"That law enforcement sought to stop a video feed during this incident is particularly concerning when they themselves were not wearing body cameras," Rowland said. "As a result, we only have law enforcement's narrative of what occurred at the end of this standoff."
Police say they have asked Facebook to preserve all the videos from the encounter as evidence.
Korryn Gaines was charged with disorderly conduct, resisting arrest and traffic violations. She was shot and killed by police in Randallstown on August 1.
Two videos— one showing an officer standing in Gaines' doorway and another in which she converses with her son — are still online.
Data provided by Facebook show a steady increase in requests by law enforcement.
From July to December 2015, the site received more than 19,200 requests for information, and provided some data in more than 80 percent of those cases. Some 850 requests were described as "emergency disclosures."
The site did not provide more detail about the nature of the requests, or say how often accounts were deactivated.
Police in Baltimore said they have never asked a social media company to deactivate an account in the midst of a standoff or crisis, and a spokesman declined to say how police might approach such a situation.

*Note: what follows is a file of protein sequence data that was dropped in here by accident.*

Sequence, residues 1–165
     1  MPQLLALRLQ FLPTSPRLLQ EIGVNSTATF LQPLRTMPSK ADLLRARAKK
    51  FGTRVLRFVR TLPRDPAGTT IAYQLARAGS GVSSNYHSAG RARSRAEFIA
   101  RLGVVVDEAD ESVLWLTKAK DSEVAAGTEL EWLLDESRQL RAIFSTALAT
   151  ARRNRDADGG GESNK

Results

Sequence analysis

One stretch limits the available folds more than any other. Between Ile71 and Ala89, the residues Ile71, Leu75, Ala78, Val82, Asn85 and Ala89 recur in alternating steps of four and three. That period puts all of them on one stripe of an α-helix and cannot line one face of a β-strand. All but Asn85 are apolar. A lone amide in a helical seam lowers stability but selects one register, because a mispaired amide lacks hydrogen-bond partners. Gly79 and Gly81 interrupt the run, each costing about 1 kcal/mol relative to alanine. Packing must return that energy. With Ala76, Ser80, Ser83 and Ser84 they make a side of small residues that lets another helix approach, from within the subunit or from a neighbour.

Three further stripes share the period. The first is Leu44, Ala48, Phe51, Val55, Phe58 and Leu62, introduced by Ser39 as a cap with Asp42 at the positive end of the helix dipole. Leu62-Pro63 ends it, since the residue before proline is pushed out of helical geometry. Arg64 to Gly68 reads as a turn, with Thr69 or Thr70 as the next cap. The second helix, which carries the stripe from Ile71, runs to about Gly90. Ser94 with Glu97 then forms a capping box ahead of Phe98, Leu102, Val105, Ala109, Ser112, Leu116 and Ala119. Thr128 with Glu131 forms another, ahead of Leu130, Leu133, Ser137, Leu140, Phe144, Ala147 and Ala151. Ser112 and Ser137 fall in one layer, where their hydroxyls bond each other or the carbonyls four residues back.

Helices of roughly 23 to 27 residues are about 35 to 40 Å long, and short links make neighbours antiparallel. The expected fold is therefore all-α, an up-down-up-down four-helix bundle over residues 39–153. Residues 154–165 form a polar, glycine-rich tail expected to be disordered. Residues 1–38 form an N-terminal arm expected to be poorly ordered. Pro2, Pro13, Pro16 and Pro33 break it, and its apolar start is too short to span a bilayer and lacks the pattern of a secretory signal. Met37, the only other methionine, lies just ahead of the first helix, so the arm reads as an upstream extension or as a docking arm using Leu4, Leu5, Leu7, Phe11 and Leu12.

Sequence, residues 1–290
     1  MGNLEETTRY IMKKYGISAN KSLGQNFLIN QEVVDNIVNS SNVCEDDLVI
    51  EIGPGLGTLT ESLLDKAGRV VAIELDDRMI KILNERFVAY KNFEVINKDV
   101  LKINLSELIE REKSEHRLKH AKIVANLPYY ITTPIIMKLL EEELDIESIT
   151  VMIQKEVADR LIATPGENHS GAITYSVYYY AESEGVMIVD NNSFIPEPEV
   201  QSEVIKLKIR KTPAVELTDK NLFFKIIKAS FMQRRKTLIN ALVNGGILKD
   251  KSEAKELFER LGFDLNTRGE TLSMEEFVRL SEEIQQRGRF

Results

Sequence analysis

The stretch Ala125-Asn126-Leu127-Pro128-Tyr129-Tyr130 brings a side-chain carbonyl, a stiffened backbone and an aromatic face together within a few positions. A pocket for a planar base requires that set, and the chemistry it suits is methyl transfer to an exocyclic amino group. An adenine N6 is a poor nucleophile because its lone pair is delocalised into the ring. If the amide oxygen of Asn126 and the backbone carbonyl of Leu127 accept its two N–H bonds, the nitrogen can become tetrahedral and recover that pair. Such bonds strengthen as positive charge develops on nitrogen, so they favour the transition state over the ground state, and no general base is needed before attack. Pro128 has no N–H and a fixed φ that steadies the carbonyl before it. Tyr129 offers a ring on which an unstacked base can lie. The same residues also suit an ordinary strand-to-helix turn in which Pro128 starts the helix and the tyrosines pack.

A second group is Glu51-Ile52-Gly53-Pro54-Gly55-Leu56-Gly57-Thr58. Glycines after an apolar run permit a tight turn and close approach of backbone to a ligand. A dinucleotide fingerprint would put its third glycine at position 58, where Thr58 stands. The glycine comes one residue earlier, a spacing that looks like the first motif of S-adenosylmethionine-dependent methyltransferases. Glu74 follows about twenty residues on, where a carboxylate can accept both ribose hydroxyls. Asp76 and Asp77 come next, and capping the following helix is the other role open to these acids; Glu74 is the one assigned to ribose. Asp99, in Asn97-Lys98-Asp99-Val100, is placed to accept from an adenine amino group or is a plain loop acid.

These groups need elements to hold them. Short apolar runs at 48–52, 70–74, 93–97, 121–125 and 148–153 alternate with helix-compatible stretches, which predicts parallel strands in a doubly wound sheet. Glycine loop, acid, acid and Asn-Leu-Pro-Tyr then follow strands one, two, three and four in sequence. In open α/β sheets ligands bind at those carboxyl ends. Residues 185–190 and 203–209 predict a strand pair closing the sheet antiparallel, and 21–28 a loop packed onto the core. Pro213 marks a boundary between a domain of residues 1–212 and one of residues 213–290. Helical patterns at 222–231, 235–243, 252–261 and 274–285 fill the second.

"Each tactical situation is different and different approaches are taken depending upon what we have going on," spokesman T.J. Smith said.
In 2012, a local blogger known as The Baltimore Spectator went live on his internet radio show to announce that police were outside his home.
Officers were attempting to serve a warrant. Frank James MacArthur had posted taunts toward police and expressed a belief that they would try to harm him.
MacArthur live-streamed a call to 911 and his discussions with a negotiator.
"Basically the idea is to let people see what's really going on, as it's going on so that if something bad happens, everyone will have witnessed it and we won't have to wait for a carefully crafted police version," MacArthur said this week. "In doing so, they help introduce a certain level of increased accountability that otherwise might not be there."
There is an audience for video of interactions between citizens and police. When the Castile video went offline, Facebook drew criticism. The video is back up. The company blamed a technical glitch.
In Tampa, Fla., recently, the audience for one suspect's live stream included police.
The 30-year-old man barricaded himself inside his home and began live-streaming on Facebook.
Outside the home, police called up his page. In addition to gaining insight into his state of mind, they could see his location within the home as he moved around. They saw he was with his dog.
They also saw that he was armed.
Police fired tear gas through a window, and he fired two shots at officers. He ultimately surrendered.
A Tampa police spokesman said the live stream was helpful.
"We didn't ask that it be shut off," spokesman Stephen Hegarty said. "We watched it."
Baltimore Sun reporter Jessica Anderson contributed to this article.